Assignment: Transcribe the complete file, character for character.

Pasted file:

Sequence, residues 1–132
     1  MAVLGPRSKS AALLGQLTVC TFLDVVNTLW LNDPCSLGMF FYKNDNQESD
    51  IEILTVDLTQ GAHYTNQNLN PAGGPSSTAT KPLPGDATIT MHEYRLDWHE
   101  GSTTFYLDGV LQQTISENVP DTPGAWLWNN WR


Sequence, residues 1–132
     1  MAVLGPRSKS AALLGQLTVC TFLDVVNTLW LNDPCSLGMF FYKNDNQESD
    51  IEILTVDLTQ GAHYTNQNLN PAGGPSSTAT KPLPGDATIT MHEYRLDWHE
   101  GSTTFYLDGV LQQTISENVP DTPGAWLWNN WR